Being asleep at the wheel can prove costly

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Ransomware is one of the most widespread and damaging threats that internet users face. Since the infamous CryptoLocker first appeared in 2013, we’ve seen a new era of highly targeted file-encrypting ransomware variants delivered through spam messages and exploit kits, extorting money from home users and businesses alike.

Sophos’ ‘The State of Ransomware Report 2022’ revealed that over the last year, over 78% of Indian organisations faced ransomware attacks, up from 68% in 2020. Furthermore, the average ransom paid to get their data encrypted was $1.2 million, with 10% of victims paying a ransom of $1 million or more. This makes it imperative for enterprises to implement best practices to guard against ransomware. Here’s how to do it:

Backup regularly and keep a recent backup copy offline and offsite

In case of a ransomware attack, having an encrypted backup can save enterprises precious time and financial resources in getting operations back up and running. Having a backup that is regularly updated and available offline and offsite also ensures that leaders do not have to worry about the backup device falling into the wrong hands.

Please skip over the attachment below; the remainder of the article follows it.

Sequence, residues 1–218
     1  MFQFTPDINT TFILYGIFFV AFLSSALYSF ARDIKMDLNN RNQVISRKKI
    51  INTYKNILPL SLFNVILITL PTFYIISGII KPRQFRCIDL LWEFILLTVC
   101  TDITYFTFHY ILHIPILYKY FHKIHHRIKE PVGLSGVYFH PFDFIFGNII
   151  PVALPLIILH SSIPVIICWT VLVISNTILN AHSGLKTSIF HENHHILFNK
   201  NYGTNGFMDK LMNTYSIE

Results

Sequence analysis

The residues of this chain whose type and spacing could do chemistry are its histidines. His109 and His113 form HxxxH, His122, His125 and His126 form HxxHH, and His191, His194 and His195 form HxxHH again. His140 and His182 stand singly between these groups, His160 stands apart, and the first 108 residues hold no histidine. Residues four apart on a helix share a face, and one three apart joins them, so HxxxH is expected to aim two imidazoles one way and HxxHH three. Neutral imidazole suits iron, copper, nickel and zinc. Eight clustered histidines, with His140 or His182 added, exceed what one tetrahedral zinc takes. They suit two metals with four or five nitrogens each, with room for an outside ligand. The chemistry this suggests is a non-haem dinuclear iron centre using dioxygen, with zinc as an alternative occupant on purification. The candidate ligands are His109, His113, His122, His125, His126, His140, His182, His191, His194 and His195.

Enable file extensions

The default Windows setting has file extensions disabled, meaning enterprises have to rely on a file thumbnail to identify it. Enabling extensions makes it much easier to spot file types that wouldn’t commonly be sent to users, such as JavaScript.

Be cautious about unsolicited attachments

Ransomware attackers rely on the dilemma users face over whether or not to open a document when they are unsure of the sender and its contents. In cases where the authenticity of an email cannot be confirmed, a good practice is to exercise caution and report suspicious content.

Monitor administrator rights

IT teams should ensure that they constantly review admin and domain admin rights, and are updated on who has them and remove those who don’t need them. Besides, users should not stay logged in any longer than is strictly necessary and avoid browsing, opening documents, or other regular work activities while they have administrator rights.
Use strong passwords

Sounds trivial, but it really isn’t! A weak and predictable password can give hackers access to an organisation’s entire network in a matter of seconds. It is recommended that users employ passwords that are at least 12 characters long, using a mix of upper and lower case and adding a sprinkle of random punctuation Ju5t.LiKETh1s!

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Originally appeared on: TheSpuzz